A hot spot starts because something irritates the dog's skin. The body's response is to either itch or create an inflammatory response at the site. In cases of itching, the dog then rubs, licks or chews the site and adds to the problem. These sores can develop into severe problems in an hour or two at times.
The most common irritants are probably fleas and allergies. These cause the itching that leads to the skin infection. There are many other possible sources of irritation. Tick bites, besetting, burrs, mats, mosquitos, summer heat and other problems all contribute to the initial irritation that can develop into a hot spot.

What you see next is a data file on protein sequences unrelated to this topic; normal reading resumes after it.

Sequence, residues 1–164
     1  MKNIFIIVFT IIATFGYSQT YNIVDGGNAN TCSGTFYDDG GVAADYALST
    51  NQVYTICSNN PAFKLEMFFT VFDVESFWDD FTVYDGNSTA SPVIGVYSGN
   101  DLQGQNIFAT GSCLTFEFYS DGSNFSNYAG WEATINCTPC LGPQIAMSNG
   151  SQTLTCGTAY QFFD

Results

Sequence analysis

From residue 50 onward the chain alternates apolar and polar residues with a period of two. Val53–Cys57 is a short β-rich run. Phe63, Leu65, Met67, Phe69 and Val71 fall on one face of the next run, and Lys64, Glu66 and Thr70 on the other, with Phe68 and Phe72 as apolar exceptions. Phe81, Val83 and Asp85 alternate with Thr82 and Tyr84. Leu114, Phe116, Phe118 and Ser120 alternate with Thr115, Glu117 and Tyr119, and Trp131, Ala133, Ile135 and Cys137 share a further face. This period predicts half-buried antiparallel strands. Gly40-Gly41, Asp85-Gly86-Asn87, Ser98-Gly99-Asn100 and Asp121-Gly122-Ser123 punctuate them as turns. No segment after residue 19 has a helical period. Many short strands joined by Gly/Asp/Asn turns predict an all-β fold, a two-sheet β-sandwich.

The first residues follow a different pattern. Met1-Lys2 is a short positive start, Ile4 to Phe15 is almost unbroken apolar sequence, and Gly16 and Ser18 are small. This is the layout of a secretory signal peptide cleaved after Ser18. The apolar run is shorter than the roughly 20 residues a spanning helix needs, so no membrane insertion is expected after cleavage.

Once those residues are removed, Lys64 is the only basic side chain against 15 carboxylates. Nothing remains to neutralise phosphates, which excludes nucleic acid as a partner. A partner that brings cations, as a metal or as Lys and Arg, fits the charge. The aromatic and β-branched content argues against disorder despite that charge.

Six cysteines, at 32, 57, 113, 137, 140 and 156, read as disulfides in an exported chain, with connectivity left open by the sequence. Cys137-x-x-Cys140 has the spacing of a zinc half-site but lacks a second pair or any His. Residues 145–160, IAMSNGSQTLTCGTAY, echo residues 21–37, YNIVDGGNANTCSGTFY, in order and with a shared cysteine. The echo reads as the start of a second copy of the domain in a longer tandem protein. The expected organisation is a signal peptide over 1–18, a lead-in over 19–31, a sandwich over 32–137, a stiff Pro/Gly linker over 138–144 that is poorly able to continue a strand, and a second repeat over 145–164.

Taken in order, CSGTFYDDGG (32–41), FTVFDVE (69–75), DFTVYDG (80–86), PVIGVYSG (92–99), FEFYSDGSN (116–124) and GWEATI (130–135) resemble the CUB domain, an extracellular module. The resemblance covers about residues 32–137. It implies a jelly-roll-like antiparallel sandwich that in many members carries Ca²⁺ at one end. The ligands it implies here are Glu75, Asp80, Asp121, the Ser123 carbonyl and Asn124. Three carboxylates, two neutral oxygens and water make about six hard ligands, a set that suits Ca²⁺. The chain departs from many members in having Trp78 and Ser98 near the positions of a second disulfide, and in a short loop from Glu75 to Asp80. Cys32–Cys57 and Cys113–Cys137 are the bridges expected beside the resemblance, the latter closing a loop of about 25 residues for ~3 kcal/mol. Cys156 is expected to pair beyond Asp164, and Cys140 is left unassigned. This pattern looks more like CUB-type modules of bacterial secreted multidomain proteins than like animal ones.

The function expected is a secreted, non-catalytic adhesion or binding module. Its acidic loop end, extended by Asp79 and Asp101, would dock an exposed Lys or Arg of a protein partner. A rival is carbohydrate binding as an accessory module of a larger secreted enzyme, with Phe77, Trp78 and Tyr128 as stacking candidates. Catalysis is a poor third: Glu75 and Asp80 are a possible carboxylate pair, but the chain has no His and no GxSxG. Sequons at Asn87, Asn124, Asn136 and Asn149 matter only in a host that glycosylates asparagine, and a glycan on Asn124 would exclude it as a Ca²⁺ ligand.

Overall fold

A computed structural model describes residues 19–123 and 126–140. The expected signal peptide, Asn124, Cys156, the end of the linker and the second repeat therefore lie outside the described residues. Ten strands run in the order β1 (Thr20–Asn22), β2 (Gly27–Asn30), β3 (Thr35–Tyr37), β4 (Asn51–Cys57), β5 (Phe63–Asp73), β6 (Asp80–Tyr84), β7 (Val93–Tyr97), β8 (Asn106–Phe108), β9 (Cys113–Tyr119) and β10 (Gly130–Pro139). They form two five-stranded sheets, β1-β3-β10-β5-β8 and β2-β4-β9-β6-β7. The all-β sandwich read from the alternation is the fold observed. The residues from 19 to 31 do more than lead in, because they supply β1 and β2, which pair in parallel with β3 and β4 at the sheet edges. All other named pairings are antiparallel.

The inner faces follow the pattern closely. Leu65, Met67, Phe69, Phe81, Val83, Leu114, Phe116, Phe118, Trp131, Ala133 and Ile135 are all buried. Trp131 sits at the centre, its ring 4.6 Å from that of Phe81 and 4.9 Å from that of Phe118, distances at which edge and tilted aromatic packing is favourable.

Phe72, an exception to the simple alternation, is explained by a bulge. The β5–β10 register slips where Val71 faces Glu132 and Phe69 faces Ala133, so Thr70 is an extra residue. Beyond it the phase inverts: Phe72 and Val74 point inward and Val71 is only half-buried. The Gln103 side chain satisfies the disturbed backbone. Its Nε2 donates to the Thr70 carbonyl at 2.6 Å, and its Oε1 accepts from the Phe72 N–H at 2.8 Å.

The best treatment for these is prevention. Keep fleas off your dog. Groom and bathe your dog as necessary to keep the haricot in good condition. Limit other sources of irritation to the best of your ability. If allergies are a problem for your dog, work with your vet to control the itching they cause. In some dogs, all of this won't be enough and you will occasionally see hot spots anyway. The first step in treating a hot spot is to get it dry. Bacteria like the hot moist environment of irritated skin. Using something to dry the sore makes it harder for bacteria to grow. Clipping the hair over and around a hot spot can help a great deal in allowing it to dry. There are lots of astringents that will help dry the sore, as well. My favorite is NeoPredef powder because it dries the sore, has an antibiotic that acts locally and a corticosteroid to control the itching and inflammation. Other vets and pet owners have their own favorites. People have advocated using athlete's foot powder"
--again act quickly and decisively!